It’s Summer 1972. I’ve just finished college and I’m spending the summer in Haiti. When I finally reach l’Hôpital le Bon Samaritain after an 8-hour journey in a rickety camion, I know nothing about malnutrition. One month later, seeing toddlers with oddly red hair, cracked skin, and swollen limbs no longer shocks me. Nor am I shocked that some of them never return home.
Malnutrition, an age-old killer and accomplice in the deaths of impoverished children, is my first introduction to tropical medicine.
Seven years later, I attend the London School of Tropical Medicine and Hygiene and take a deeper dive into malnutrition’s history, physiology, and perilous synergy with infectious diseases. Nonetheless, my fellow students and I are still “looking through a glass darkly.”
Then come science and strategies that fuel hope. When experts in the 1980s and 1990s champion micronutrients plus diverse, balanced diets; WHO’s initial package of Expanded Programme on Immunization vaccines; and oral rehydration for childhood diarrhea, child survival rises. Over time, re-feeding regimens meant to rescue children from death are replaced by ready-to-use therapeutic foods, which often forestall it.
Today, global experts also parse proximate causes of malnutrition from colonialism to climate to monoculture, as well as lifelong consequences such as stunting.1 Plus, they have a better handle on burden. Sadly, in 2020, we backslid. During the first year of the COVID-19 pandemic, the United Nations estimates roughly 150 million children under 5 were stunted, 45 million were wasted,2 and more than 800 million people were hungry. A year later, as the WHO Director for Nutrition and Food recently told The Lancet, global food insecurity had continued to grow and worsen malnutrition. So is the glass half empty or half full? And how should a public-facing author weigh discouraging facts against the past three decades’ otherwise quiet-but-steady progress?
In Within Our Grasp—Childhood Malnutrition Worldwide and the Revolution to End It, Sharman Apt Russell weaves modern nutritional science with interviews and blueprints for hope. Looking back, what especially inspires hope are stories of people determined to fight malnutrition, like those who developed the nutrient-rich paste Plumpy’Nut (in Malawi, it is called Chiponde). Does Russell’s book also carry a whiff of cultural tourism? Yes. But, to me, this was far outweighed by the book’s sincere and illuminating conversations with newly empowered farmers, organizers, and teachers (almost all of them women) during the author’s 2016 field trip to Malawi.
“Russell’s passion for citizen science and her jargon-free presentation of information relating to malnutrition will open worlds for most readers, from high school students to sociologists” is how Library Journal describes Within Our Grasp, and that’s just one of many glowing blurbs on Amazon. A professor emeritus in humanities at Western New Mexico University and associate faculty at Antioch University, Russell previously authored Diary of a Citizen Scientist (winner of the 2016 John Burroughs Medal), Knocking on Heaven’s Door (winner of the Arizona/New Mexico Book Award), Teresa of the New World (winner of the Arizona Authors Association Award), and (with funding from the Rockefeller Foundation) Hunger: An Unnatural History.
In short, Within Our Grasp is an excellent book to recommend to undergrads majoring in global development, students of medicine and public health, and post-graduate trainees embarking on overseas rotations in low- and middle-income countries. Or anyone else, for that matter, who wants to explore modern solutions to the age-old problems of hunger and survival of the weakest.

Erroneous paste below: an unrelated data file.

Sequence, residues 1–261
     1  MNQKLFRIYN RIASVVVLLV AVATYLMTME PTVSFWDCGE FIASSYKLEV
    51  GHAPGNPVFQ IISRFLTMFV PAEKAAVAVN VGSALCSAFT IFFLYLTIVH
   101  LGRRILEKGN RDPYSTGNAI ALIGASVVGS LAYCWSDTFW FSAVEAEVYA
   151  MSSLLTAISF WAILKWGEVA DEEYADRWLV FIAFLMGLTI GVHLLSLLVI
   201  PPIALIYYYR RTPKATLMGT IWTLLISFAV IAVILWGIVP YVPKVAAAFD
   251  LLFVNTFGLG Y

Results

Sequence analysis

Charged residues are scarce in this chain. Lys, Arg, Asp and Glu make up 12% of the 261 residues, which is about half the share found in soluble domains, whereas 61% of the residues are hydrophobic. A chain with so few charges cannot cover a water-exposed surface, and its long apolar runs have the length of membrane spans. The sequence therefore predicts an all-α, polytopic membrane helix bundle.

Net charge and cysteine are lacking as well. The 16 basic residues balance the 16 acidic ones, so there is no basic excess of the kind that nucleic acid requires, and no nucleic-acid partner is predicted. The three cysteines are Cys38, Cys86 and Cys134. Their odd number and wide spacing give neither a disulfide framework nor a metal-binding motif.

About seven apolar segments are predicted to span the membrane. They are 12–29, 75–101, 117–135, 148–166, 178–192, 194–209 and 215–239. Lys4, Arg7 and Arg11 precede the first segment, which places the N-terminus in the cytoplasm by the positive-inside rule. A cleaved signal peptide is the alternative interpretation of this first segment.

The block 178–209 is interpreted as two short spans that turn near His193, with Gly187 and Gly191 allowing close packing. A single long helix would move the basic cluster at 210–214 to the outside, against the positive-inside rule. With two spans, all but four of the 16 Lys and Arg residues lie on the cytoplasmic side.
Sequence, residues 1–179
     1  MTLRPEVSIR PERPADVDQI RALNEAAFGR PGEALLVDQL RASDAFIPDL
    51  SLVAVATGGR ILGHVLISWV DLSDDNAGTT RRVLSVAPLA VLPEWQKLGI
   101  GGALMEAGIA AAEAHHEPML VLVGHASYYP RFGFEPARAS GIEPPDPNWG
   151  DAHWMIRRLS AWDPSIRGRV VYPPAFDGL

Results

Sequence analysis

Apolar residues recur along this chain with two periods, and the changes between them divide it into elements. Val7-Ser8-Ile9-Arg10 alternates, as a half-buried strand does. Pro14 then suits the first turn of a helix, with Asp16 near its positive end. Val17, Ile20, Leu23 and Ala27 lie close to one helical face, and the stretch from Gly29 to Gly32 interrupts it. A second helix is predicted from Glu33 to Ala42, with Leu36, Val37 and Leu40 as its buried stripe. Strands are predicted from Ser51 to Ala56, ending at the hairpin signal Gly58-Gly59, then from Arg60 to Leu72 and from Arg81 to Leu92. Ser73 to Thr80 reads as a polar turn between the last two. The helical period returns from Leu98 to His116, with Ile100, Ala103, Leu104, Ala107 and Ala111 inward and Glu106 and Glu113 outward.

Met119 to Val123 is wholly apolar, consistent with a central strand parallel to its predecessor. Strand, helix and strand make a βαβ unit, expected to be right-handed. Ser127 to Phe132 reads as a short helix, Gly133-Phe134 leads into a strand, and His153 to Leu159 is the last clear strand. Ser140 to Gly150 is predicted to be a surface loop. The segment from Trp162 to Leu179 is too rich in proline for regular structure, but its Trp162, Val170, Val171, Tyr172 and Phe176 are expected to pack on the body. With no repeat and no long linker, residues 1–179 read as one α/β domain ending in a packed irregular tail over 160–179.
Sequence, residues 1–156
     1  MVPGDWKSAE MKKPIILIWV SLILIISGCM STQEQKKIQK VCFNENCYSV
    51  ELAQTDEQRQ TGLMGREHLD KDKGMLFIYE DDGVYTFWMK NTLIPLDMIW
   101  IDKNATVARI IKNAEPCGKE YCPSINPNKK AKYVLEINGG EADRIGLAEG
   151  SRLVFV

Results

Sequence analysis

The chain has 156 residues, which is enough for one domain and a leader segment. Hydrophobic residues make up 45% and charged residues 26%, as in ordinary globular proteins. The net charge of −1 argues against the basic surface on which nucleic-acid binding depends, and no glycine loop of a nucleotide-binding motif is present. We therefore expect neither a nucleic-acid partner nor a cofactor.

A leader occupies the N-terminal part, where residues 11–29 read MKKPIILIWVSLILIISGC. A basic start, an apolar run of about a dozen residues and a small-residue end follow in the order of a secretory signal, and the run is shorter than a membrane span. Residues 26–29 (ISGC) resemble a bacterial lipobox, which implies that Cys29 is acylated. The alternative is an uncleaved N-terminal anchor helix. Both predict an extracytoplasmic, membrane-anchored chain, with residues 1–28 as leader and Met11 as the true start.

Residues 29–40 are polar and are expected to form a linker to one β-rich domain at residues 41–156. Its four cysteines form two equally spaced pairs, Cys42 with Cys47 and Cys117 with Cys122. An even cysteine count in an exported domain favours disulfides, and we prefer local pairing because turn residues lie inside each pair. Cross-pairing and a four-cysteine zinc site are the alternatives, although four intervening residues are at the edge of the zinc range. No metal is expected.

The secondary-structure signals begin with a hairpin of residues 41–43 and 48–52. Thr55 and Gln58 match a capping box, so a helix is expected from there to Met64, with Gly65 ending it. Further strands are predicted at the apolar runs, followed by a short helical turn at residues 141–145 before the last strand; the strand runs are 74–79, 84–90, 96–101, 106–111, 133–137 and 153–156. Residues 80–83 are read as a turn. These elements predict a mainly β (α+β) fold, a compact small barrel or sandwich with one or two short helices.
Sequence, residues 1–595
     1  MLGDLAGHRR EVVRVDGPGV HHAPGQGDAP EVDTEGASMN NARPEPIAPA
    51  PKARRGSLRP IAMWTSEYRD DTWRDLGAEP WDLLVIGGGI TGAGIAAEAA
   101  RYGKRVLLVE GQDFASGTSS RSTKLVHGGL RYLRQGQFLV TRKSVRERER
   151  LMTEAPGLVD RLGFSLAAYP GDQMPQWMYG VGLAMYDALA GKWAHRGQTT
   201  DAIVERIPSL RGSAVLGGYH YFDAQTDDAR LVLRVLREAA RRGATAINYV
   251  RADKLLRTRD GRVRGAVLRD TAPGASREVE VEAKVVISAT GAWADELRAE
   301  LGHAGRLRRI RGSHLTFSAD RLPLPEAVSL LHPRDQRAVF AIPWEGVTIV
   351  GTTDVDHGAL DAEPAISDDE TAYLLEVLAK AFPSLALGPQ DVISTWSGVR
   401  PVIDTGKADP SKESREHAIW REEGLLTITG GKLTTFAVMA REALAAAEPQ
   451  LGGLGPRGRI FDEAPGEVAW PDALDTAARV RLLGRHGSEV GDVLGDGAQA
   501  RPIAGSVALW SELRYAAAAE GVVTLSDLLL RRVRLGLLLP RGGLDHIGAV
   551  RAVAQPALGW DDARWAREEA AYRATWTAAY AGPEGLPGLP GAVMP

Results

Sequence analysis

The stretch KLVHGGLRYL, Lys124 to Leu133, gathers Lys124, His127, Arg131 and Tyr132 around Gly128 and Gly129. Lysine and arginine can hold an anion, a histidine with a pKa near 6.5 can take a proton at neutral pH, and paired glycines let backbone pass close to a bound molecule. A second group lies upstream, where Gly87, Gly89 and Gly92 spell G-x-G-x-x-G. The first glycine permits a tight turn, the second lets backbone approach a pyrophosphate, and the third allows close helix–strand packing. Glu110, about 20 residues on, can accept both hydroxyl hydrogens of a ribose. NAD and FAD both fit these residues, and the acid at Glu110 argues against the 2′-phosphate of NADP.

After finishing Within Our Grasp, I turned to three American Society of Tropical Medicine and Hygiene colleagues for further perspective. For 35 years, Dr. Terrie Taylor has done malaria research in Malawi, where Russell did her grassroots reporting. Dr. Natasha Hochberg currently studies the nexus of undernutrition and tuberculosis in India. Dr. David Hamer’s work is largely focused on implementation research designed to advance maternal, newborn, and child health in real-life settings in low- and middle-income countries.
Russell SA , 2021. Within Our Grasp—Childhood Malnutrition Worldwide and the Revolution Taking Place to End It. New York, NY: Pantheon.
Bhargava A , Pal M , Bhargava M , Marais BJ , Menzies D , 2012. Can social interventions prevent tuberculosis? The Papworth Experiment (1918–1943) revisited. Amer J Respir Crit Care Med 186: 442–449.
Hoyt KJ et al., 2019. Effect of malnutrition on radiographic findings and mycobacterial burden in pulmonary tuberculosis. PLoS One 14: e0214011.
Sinha P et al., 2021. Nutritional supplementation would be cost-effective for reducing tuberculosis incidence and mortality in India: the Ration Optimization to Impede Tuberculosis (ROTI-TB) model. Clin Infect Dis, doi: 10.1093.
Sinha P , Lonnroth K , Bhargava A , Heyseli SK , Sarkar S , Salgame P , Rudgard W , Boccia D , Van Aartsen D , Hochberg NS , 2021. Food for thought: addressing undernutrition to end TB. Lancet Infect Dis 21: e318–e325.
Hamer D , 2021. Short-term and potentially long-term negative impacts of COVID-19 in sub-Saharan Africa: evidence from the Africa Research, Implementation Science, and Education Network Rapid Monitoring Survey. Am J Trop Med Hyg 105: 269–270.
Rockers PC , Zanolini A , Banda B , Chipili MM , Hughes RC , Hamer DH , Fink G , 2018. Two-year impact of community-based health screening and parenting groups on child development in Zambia: follow-up to a cluster-randomized controlled trial. PLoS Med 15: e1002555.
Semrau KEA et al., 2016. Effectiveness of 4% chlorhexidine umbilical cord care on neonatal mortality in Southern Province, Zambia: a cluster randomised controlled trial. Lancet Global Health 4: e827–e836.